Mexico Is Not Going To Pay For The ‘Trump Wall’

PHOTOGRAPH: Twitter/airnewsalerts | Mexican President Enrique Pena Nieto named Luis Videgaray as foreign minister. Videgaray promised that his people will not pay for Trump’s wall, which he considers a violation of Mexican dignity. Photo Credits: Twitter/airnewsalerts

The new foreign minister of Mexico, Luis Videgaray, exclaimed that his country will not, in any way, pay for Trump’s wall. The president-elect has pledged this said wall to physically keep out illegal immigrants coming from south of the border. “There’s no way that could happen,” Videgaray commented on Mexican television just days after his appointment.

“There are no circumstances…not even the best possible trade deal, investments, support which would justify taking a step that would violate the dignity of Mexicans to such an extent,” Videgaray added. Trump’s wall has been a serious point of contention between the president-elect and his neighbor to the south. Donald Trump announced the wall during his campaign in June 2015. He accused Mexico of sending rapists and drug dealers to the US.

So, Trump said last Friday that Mexico will repay the US once they finish the wall. The announcement comes just one day after Trump’s transition team revealed that they appealed to congress for funding. Trump said on Friday that Mexico would repay the United States for the wall, a day after news emerged that the New Yorker’s transition team was exploring getting the Republican-led Congress to vote to approve the funding, Reuters reported.

Luis Videgaray Returns to Public Office

Videgaray is a former finance minister of his country. He had played a significant role in setting up Trump’s visit to Mexico City last August. This visit, as it turned out, became a public relations disaster for President Enrique Pena Nieto. In fact, a week later, Videgaray decided to step down as finance minister.

For Mexicans, Videgaray’s return to the public scene is quite jarring. His appointment, it also seems, comes as a reaction to Trump’s unprecedented victory in the US presidential elections. Trump’s rise to the presidency has caused much dismay for many Mexicans, Business Insider commented.

As for Videgaray, he conceded that his appointment as foreign minister will test the limits of his experience. He admitted that, first, he is not a diplomat. He also said that he will learn from the foreign ministry in the moment that their country needs them. For Videgaray, “the challenge is enormous.”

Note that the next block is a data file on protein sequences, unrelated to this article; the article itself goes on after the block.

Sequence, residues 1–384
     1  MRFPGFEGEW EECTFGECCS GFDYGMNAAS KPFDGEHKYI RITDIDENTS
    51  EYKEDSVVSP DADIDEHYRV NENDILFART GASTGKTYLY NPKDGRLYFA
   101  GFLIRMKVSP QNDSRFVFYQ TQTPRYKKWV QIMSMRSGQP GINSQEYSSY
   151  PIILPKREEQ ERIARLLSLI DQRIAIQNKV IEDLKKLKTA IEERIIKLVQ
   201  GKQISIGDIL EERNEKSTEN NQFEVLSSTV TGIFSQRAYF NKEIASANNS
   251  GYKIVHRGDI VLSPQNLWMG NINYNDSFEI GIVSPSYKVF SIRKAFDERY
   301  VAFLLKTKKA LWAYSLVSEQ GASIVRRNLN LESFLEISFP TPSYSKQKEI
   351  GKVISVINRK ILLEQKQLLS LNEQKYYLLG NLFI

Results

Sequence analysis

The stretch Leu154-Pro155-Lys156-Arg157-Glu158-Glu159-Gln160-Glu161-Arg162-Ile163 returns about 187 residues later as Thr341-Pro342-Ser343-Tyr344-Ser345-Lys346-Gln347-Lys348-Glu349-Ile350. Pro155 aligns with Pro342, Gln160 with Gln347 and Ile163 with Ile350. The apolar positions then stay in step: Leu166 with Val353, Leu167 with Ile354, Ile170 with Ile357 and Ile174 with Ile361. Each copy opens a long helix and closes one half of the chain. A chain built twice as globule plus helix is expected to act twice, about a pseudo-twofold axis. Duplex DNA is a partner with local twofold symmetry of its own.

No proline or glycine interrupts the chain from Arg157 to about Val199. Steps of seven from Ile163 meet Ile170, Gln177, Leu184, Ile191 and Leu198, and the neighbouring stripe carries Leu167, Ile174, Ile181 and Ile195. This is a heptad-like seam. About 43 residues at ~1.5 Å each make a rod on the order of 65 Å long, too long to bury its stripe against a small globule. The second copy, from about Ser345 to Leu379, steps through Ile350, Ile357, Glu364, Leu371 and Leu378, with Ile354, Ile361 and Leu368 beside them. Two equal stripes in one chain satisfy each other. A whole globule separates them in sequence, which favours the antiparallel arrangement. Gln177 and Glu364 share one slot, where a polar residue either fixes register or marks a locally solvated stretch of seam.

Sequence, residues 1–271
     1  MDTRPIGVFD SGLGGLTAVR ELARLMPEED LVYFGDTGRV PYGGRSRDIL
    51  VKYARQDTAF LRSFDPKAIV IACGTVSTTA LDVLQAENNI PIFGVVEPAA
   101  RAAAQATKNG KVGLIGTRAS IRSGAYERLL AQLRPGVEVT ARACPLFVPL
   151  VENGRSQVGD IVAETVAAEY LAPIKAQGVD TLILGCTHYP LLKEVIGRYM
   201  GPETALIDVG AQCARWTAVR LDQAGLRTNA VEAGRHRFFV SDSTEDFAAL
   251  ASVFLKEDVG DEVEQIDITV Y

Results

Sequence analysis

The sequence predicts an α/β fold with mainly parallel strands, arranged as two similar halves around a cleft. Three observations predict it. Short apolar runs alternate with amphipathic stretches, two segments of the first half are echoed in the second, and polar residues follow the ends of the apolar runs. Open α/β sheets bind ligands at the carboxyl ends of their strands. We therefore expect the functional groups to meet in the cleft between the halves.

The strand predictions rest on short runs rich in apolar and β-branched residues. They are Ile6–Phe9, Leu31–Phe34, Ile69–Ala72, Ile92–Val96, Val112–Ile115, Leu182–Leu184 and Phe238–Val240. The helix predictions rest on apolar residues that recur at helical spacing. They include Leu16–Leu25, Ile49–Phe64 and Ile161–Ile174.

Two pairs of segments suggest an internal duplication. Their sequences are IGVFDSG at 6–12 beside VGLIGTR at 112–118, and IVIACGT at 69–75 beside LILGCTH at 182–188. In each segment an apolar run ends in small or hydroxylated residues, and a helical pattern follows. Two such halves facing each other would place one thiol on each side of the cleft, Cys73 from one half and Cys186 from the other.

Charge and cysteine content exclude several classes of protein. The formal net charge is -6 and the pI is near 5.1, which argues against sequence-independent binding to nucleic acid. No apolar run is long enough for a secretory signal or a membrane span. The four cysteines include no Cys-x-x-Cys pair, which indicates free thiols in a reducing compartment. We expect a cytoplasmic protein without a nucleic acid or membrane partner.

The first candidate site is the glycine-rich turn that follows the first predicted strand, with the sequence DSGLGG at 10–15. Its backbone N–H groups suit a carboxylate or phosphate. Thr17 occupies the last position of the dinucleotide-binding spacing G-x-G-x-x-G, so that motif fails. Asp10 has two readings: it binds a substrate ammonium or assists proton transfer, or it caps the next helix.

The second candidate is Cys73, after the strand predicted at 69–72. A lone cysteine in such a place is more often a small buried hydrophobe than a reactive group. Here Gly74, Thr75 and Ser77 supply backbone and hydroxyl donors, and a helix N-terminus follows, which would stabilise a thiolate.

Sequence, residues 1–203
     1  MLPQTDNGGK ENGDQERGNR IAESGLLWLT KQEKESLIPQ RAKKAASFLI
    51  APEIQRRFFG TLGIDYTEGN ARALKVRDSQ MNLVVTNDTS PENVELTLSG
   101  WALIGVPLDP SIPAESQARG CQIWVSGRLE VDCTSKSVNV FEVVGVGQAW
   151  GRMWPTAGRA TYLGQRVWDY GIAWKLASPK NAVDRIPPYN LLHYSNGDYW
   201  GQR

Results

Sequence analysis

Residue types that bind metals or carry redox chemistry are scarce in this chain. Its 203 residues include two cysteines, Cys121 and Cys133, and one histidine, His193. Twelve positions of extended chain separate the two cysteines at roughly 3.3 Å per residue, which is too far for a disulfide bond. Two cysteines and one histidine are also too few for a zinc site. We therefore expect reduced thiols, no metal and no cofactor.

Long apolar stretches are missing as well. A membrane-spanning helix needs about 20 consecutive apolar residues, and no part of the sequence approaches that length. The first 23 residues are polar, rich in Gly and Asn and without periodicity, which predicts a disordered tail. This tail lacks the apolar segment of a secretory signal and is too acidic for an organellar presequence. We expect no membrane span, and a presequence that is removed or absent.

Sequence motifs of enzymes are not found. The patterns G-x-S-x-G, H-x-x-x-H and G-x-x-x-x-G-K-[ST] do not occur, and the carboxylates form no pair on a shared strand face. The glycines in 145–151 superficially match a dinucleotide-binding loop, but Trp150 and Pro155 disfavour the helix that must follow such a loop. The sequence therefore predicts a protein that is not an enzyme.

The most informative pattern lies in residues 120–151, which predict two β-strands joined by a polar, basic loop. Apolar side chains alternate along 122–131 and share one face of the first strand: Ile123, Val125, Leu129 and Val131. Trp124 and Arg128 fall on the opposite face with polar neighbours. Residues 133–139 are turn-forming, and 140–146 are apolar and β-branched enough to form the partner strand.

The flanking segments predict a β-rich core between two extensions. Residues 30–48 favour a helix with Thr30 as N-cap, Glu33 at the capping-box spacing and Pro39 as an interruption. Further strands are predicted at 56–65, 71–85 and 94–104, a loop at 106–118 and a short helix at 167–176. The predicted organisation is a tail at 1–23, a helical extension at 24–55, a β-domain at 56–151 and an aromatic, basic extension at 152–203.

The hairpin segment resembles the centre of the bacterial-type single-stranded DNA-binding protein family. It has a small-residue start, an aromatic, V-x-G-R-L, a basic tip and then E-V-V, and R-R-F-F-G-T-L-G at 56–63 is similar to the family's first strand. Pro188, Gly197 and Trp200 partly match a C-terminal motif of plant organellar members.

Foreign Minister Meets Jared Kushner

Mexican officials commented that he had an important role during the informal talks with the Trump transition team, particularly Trump’s son-in-law Jared Kushner. He is set to become a senior White House adviser. Videgaray said in a televised interview that Kushner left a “very favorable impression” on him. Furthermore, the new foreign minister also described him as “extraordinarily competent.”

Videgaray was able to contact Kushner via connections on Wall Street, the foreign minister said. It also appears that Trump himself holds Videgaray in high regard. When the former finance minister stepped down, Trump commented that they lost a brilliant and highly-respected public official. With him back as foreign minister, and who is also willing to negotiate, the two neighboring countries could be looking at mutually profitable deals in the future.

Trump Attacks Mexican Automobile Sector

Trump threatened to ditch a trade deal with Mexico if they cannot renegotiate the deal to US favor. He also threatened hefty border taxes on Mexican goods. In particular, the automobile sector is already taking a hit.

Last week Ford decide to cancel a $1.6 billion investment in Videgaray’s country and Trump thanked the firm for this. “I think the uncertainty (over trade) is doing a lot of harm to investment decisions in the automotive sector and many other sectors,” Videgaray lamented. As such, Mexico needs more trade missions in Asia, Europe and Latin America to diversify its base. Videgaray added that a meeting between Pena Nieto and Trump, once Trump officially takes office on Jan. 20, is a top priority.

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About the author

Mikey is a copy editor and writer who is equally dedicated in both the roles. He takes specific interest in writing hard news.